New map shows endangered water voles thriving across threatened wetlands

Terry Whittaker/2020VISION

Campaign launched today to save the Gwent Levels

Water voles have been discovered thriving across the Gwent Levels after bouncing back from extinction on the internationally-important wetlands of south Wales. Six years ago, Gwent Wildlife Trust reintroduced the endangered species to Magor Marsh nature reserve on the edge of the Levels. New mapping shows that they have bred successfully and spread up to 10 kilometres.

The water vole is the UK’s most rapidly declining mammal and has been lost from 94% of places where they were once prevalent; earlier this year a report* revealed an ever-worsening situation.  Thus, the new map created by Gwent Wildlife Trust is very heartening and shows water voles are reclaiming their historic range. (See Editor's notes for map.) 

Unfortunately, the news comes at a time when the Welsh government is due to announce a decision which will decide the fate of the Gwent Levels. A new 14-mile-long six-lane motorway is proposed; it will cut across six protected wildlife havens and destroy or damage a historic landscape which is Wales’ equivalent to the Amazon rainforest. Rare wildlife such as water voles, otters and cranes will be badly affected.

We need everyone who cares about nature to voice their concern about these destructive plans

The Wildlife Trusts are launching a new campaign today urging people to write to the First Minister of Wales, Carwyn Jones

Ian Rappel, chief executive of Gwent Wildlife Trust says:

“The fantastic success of the water vole reintroduction project is a wonderful testament to all the great efforts of volunteers and staff working to enhance the Gwent Levels for wildlife. This beautiful landscape is a nature-lover’s paradise and people really enjoy its peace and tranquillity. But the success is bitter-sweet. If the new road gets the go-ahead billions will be spent destroying a very special place for the sake of saving ten minutes of commuting time.”

Ian Rappel continues: “Gwent Wildlife Trust fought the new road proposals during the Public Inquiry – but now we need everyone who cares about nature to voice their concern about these destructive plans. We believe that Welsh Government should scrap the billion-pound-plus road and invest, instead, in a modern public transport system for the people of Wales.”

Iolo Williams, TV presenter says:

“This road is going to destroy Sites of Special Scientific Interest – these are the jewels in the Welsh crown. This road is going to destroy habitat for otters, for water voles and for cranes which have nested on the Levels for the first time in 400 years. Let’s make sure the Welsh government wakes up to its commitment to future generations. There are better and cheaper alternatives to this idiotic development.”

Stephanie Hilborne OBE, chief executive of The Wildlife Trusts says:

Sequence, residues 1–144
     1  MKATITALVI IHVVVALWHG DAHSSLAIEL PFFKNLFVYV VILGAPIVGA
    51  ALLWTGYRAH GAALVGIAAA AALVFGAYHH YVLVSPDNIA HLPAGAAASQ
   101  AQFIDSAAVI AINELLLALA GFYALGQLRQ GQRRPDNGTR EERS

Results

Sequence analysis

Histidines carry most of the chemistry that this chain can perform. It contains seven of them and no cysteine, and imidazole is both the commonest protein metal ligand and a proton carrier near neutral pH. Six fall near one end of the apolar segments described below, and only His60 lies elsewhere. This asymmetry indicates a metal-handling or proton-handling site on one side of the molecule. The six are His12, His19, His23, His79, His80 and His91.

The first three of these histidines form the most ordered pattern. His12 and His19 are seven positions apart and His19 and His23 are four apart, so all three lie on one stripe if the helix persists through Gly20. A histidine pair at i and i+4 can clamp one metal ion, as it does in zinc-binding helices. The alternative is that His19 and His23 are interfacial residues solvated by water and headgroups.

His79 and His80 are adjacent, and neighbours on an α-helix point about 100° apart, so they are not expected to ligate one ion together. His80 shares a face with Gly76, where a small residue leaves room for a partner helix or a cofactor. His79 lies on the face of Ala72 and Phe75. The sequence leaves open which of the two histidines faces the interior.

“When future generations realise the extent of the damage this generation has wreaked on our finite, beautiful, natural world they will ask "why?" Why, for the sake of a few minutes knocked off journey times, did we destroy the unique and irreplaceable Gwent Levels. Why did we think it was OK to wipe out its woods, its precious waterways, its water voles, our Forest School campfire?  Together, these make a wetland of international importance. Wherever you live in the UK please help stand up for wildlife and put a stop to the M4 "black route." We do not have the right to destroy this treasure or deprive future generations of its joy.”  

Gwent levels

Neil Aldridge

Save the Gwent Levels

Take action now

Editor’s notes

*February 2018: A 10 year study of water voles by The Wildlife Trusts shows that national treasure ‘Ratty’ needs urgent help to survive.

Map below of reported water vole sightings since their reintroduction to Magor Marsh, Gwent Levels, in 2012. Data collected by Gwent Wildlife Trust and other organisations.

map water vole

About the map:

  • The map shows records of live sightings and field signs between 2012 to 2018, with buffer lines indicating the distance 1km, 2km, 5km and 10km around the Magor Marsh nature reserve boundary.
  • The data points are colour-coded by year and show confirmed presence of water voles in a given year.
  • Each data point may represent single or repeated sightings in a given year.
  • The records are ad hoc in nature and do not give any indication of population numbers or density.
  • The data points are layered with oldest records on top, to show the first year of detection at a given location (not the most recent), demonstrating their approximate spread.
  • For most of the data points, more recent records are stacked underneath i.e. since the first year detected, water voles have continued to be detected in subsequent years.
  • Many of the records have come from Gwent Wildlife Trust’s mammal monitoring raft network, which spans approximately 3km around the nature reserve.
  • Other records come from surveys and ad hoc sightings. Much of the Gwent Levels has not been surveyed by Gwent Wildlife Trust, therefore, water voles are likely to be present in other locations not yet mapped.
  • The map shows only the eastern section of the Gwent Levels (referred locally as the Caldicot Levels).  Gwent Wildlife Trust are yet to confirm water voles as present on the western section of the Gwent Levels (Wentlooge Levels), but will continue to survey for them to expand knowledge of their distribution.
  • The red line shows the approximate route of the proposed M4 extension (black route).

Gwent Wildlife Trust M4 campaign page / Iolo Williams film
You can read more and watch a short film with Iolo Williams talking about the proposed road here.